What happens when you start learning a new language? No, I’m not talking about a programming language, I mean a normal everyday language. You find that there are hurdles to get over – and for me, one of these hurdles is memorising Hiragana. As a way to practice Python, I created Matchagana, where you match Hiragana to its Romaji equivalent.
It’s been a while, so I hope you all missed me to varying degrees!
Hey guys, as per the title of this article, I am taking a small break from the development of Zargak’s Zeal. It won’t be for long, but I need a few weeks away from it. Simply put, here’s a timescale for when I’ll get back into the swing of things and why I’m taking this small sabatical.
You know, there’s actually very little to say this week, but I thought I’d at least put out an update post to show I’ve not given up. There’s been a lot of optimisation and a lot of tweaks to existing code, but really it’s nothing that I could really show off.
Refactoring is a technical term that, in short, means to clean code up. Sometimes when we’re coding an application or – in my case – a game, we get hung up on the end result. We want people to be able to experience the game and enjoy it for all that it is. We also forget about how important it is to write readable code, so we throw everything onto the page and once it works, we run away, holding our hands to our ears and pretending there’s no problems. The truth is, the code could work fine, but later when we need to revisit that code, all hell could break loose.
Random encounters are a big part of any classic RPG. You take a step forward, nothing happens. Take another step, still nothing happens. By your sixth step however, watch out, there are enemies ready to pounce at you. That’s what I’ve been working on this week – So I came up with a system using ScriptableObjects to spawn in enemies with a specific chance to spawn them. This means I’ve got rare encounters, as well as a list that’s on every level for what enemies spawn there.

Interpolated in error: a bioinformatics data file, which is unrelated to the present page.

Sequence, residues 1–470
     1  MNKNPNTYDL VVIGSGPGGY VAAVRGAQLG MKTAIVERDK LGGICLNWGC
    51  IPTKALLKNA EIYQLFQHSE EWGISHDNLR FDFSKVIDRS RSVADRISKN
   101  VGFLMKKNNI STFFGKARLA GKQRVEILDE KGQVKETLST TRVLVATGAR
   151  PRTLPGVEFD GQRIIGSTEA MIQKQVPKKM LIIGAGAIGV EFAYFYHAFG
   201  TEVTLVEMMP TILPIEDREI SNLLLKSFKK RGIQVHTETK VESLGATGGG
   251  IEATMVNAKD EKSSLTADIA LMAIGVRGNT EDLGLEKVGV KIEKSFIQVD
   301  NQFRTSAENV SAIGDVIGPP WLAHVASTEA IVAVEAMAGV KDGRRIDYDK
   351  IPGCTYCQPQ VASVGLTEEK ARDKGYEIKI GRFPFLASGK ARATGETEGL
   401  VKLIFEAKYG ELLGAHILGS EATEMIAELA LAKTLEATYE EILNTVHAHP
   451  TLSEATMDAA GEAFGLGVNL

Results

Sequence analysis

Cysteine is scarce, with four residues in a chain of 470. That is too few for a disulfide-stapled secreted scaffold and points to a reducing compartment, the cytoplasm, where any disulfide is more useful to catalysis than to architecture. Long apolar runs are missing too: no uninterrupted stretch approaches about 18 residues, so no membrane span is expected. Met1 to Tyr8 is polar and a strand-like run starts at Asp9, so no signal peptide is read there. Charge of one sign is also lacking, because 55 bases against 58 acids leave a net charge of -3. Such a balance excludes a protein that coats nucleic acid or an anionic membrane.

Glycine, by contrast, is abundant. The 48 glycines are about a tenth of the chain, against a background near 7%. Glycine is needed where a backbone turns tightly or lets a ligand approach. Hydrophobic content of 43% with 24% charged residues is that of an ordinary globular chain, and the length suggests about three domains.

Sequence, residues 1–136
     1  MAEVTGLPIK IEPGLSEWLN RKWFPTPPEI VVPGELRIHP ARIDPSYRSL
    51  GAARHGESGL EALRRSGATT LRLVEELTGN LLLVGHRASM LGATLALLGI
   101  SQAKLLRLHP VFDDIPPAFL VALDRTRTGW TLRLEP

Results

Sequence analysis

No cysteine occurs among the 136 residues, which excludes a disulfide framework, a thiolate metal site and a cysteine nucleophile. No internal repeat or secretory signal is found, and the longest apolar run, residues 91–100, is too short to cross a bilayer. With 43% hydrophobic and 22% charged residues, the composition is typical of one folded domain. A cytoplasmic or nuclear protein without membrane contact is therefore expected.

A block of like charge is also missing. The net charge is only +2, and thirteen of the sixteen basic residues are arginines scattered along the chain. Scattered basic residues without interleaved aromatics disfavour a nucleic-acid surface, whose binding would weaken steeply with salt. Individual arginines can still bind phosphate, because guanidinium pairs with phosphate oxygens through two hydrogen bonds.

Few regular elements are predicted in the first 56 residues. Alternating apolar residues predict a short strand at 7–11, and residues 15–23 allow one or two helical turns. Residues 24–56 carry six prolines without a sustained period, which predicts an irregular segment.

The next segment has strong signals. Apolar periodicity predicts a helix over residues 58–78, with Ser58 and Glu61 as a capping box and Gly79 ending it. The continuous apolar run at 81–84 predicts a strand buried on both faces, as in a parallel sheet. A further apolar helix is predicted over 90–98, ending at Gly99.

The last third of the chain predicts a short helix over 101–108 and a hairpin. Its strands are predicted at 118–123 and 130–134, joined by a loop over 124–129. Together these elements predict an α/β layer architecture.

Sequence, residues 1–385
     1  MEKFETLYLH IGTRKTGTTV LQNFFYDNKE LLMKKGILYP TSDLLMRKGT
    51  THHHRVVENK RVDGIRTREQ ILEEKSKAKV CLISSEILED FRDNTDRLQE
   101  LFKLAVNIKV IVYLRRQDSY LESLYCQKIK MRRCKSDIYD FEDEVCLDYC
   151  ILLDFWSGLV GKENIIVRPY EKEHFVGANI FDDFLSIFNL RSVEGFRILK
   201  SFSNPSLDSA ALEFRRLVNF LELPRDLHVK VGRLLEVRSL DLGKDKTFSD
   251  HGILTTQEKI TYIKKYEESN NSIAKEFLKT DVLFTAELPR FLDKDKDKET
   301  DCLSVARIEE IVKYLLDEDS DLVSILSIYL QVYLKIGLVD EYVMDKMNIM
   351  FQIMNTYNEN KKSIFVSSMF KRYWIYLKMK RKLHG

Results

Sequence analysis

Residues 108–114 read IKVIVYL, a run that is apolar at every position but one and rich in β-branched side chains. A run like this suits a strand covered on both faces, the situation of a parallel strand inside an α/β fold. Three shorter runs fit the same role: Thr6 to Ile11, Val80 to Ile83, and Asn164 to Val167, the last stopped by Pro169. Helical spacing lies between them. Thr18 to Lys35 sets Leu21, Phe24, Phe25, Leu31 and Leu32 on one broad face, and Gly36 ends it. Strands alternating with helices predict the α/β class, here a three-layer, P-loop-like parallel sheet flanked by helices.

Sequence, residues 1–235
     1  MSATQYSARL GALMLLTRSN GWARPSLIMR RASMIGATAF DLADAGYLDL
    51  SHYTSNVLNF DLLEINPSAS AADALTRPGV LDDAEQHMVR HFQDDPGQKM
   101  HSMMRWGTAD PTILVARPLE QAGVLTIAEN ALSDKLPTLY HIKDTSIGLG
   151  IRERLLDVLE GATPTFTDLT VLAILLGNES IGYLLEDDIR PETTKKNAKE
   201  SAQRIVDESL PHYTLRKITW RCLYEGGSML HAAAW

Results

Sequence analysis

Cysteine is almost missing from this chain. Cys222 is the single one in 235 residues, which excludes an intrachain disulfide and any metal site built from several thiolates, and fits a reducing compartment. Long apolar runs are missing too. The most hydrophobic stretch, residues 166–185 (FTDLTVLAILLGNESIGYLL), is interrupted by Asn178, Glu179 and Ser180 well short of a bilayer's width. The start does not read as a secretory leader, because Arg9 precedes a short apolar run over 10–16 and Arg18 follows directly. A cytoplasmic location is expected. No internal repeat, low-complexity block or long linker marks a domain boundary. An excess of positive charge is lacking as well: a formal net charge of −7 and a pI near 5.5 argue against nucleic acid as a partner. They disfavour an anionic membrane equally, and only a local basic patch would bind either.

The Skill System, a really important part of any game. A good skill system means you’ll be able to manage your skills, or have an array of abilities that’ll make even the brightest of wizards blush. One of the features of my upcoming game is that changing your gear will change the abilities you have access to. For instance, you can equip a sword for a specific skill – Which may be more useful against some bosses than others. This follows on nicely from last weeks’ post.
40 items have now been made and implemented in full. The revelation of using ScriptableObjects has actually made the process much faster for me. In fact, the game has chugged along quite happily since. But one thing I hadn’t done – I hadn’t created the full item list at this point. Now I have created 40 items. These 40 items do not include the games equipment, but I’m hopeful I can blast through equipment before next weeks post. Today however is a quick look at the items I’ve implemented.
Since starting development of this little Adventure/RPG, I’ve had to take full advantage of the ScriptableObjects data container. Last week I spoke briefly about implementing my inventory system, but to pull that together, I had to create some way to create items quickly. Naturally, I’ve been following guides, specifically ones from a YouTuber called Brackeys, who I would highly recommend checking out, if Unity is of interest to you. But this is a quick brief discussion about the ScriptableObjects data container as well as why you’d use it.
What fascinates me about RPGs and Adventure Games in general are the items. Sometimes an item is required to get past a specific point; in others, all items are convenience features. Whatever you use an item for, I’ve had to wrap my head around how to contain items within my game and most importantly – What a proper inventory system should look like. What I didn’t anticipate was how many different C# scripts would be required to interact properly with this inventory.